Facts: An owner held an easement over their neighbor’s property which allowed the owner access to their landlocked property. A public road was later constructed giving the owner access to their property. The neighbor planned to develop the property on which the easement lay. The owner refused to abandon their easement rights.
Claim: The neighbor sought to partially extinguish the easement by reducing its size, claiming the owner has no reasonable need for the easement since the new public road provides access to the previously landlocked property.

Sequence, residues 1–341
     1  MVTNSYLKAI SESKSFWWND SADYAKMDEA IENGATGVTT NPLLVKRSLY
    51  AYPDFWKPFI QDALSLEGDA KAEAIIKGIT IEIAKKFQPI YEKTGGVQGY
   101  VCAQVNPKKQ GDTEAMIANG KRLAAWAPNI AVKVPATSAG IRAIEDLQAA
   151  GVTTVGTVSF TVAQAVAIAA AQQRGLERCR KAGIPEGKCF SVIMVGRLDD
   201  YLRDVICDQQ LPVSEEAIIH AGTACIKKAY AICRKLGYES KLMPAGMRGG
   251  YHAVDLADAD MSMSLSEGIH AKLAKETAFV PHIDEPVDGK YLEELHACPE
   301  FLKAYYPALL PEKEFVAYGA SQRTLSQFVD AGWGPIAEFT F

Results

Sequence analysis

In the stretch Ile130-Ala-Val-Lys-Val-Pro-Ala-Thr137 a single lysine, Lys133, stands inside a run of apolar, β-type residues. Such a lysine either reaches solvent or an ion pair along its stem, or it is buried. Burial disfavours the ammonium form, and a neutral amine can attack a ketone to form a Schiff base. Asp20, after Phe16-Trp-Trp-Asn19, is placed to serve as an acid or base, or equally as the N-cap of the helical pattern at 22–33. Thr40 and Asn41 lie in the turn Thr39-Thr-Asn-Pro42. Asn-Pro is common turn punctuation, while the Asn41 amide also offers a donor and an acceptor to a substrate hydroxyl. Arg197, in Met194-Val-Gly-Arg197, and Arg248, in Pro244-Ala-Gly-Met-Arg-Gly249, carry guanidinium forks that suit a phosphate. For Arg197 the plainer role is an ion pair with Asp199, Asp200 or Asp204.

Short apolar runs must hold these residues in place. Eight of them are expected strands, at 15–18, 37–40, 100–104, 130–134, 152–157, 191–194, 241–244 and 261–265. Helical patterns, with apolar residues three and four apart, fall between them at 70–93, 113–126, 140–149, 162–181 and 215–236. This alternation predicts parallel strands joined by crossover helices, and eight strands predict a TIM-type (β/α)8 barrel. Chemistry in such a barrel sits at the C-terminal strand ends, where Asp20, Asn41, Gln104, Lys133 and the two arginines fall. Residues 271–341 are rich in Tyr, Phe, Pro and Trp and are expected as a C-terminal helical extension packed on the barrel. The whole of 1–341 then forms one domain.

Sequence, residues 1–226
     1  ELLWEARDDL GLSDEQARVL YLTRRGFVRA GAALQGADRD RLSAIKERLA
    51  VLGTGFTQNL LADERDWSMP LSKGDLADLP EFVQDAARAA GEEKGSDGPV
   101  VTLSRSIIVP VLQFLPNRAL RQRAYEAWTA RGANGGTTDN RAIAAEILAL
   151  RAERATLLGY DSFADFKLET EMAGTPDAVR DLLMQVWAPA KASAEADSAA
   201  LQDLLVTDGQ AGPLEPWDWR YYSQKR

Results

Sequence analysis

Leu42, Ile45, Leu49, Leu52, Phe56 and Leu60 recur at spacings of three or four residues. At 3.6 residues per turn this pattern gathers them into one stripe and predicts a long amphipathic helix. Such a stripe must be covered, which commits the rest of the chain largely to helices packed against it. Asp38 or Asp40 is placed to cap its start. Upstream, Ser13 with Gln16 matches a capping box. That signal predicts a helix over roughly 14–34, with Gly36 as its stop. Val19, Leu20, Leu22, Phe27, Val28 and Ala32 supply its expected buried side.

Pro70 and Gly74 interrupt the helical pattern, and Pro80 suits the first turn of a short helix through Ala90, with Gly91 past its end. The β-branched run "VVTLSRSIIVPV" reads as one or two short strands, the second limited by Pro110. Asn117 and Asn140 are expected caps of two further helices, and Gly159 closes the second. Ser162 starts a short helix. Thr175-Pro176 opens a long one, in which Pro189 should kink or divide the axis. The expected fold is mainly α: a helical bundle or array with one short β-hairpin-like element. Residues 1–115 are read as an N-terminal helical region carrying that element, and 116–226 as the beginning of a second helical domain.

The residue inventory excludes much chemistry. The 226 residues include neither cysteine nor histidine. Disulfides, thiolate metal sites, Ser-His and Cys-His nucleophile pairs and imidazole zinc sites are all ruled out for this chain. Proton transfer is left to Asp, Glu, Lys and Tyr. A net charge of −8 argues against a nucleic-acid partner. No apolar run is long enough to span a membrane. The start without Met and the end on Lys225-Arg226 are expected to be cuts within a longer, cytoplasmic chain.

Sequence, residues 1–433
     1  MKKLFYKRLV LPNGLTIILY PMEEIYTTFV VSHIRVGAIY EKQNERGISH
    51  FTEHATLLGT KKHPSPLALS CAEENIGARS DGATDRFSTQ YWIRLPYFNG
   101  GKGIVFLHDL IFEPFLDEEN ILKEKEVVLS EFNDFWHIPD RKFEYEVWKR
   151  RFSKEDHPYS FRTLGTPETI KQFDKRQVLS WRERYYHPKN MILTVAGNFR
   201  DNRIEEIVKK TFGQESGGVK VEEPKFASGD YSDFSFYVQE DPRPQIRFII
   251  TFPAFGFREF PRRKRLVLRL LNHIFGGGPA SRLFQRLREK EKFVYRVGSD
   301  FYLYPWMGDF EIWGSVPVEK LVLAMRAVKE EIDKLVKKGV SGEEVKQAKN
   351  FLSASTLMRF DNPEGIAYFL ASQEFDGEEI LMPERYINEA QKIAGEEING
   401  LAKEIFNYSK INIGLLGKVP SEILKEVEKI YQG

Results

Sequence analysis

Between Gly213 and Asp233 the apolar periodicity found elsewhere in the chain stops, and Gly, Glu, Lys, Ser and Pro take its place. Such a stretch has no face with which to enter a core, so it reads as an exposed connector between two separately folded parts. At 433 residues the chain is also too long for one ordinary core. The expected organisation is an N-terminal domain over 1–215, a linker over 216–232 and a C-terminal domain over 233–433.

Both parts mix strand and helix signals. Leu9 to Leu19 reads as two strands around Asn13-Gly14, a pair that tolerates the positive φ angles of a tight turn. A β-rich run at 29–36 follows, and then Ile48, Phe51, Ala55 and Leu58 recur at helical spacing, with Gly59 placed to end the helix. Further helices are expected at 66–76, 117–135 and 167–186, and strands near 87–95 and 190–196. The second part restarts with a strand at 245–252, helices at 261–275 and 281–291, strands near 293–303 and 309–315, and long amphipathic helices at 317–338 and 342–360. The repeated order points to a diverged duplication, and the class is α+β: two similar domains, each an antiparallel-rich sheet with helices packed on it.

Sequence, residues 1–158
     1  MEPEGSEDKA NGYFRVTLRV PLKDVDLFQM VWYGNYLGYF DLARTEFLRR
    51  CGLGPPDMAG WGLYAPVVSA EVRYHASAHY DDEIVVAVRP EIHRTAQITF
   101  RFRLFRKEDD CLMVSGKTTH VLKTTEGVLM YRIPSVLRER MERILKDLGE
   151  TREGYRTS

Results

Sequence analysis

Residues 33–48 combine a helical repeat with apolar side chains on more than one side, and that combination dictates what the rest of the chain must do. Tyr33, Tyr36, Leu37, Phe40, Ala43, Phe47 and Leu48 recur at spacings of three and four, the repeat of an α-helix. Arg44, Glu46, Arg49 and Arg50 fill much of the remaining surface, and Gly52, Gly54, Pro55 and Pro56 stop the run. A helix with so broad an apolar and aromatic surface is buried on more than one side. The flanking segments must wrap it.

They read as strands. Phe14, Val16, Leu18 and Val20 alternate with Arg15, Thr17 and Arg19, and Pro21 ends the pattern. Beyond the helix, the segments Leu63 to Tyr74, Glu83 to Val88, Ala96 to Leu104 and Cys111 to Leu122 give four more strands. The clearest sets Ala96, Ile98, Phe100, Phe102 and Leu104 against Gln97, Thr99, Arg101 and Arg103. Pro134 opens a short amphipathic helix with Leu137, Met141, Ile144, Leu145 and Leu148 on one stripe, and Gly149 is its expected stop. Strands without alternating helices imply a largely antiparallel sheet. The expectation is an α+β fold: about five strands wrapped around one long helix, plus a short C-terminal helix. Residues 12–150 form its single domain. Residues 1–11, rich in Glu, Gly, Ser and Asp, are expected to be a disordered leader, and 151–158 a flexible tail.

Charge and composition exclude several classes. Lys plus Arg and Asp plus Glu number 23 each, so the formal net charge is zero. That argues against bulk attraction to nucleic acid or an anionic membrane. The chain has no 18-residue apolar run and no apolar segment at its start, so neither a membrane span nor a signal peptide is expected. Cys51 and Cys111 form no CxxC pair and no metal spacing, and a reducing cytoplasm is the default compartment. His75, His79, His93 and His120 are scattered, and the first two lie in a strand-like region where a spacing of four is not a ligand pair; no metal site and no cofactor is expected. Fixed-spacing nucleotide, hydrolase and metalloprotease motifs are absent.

Counterclaim: The owner sought to maintain the easement, claiming the easement may not be extinguished nor reduced even if it is no longer necessary.
Holding: A California court of appeals held an easement may not be extinguished by the owner of the burdened property when the easement is no longer necessary unless the owner of the benefitted property voluntarily abandons the easement. [Cottonwood Duplexes v. Barlow (2012) 210 CA4th 1501]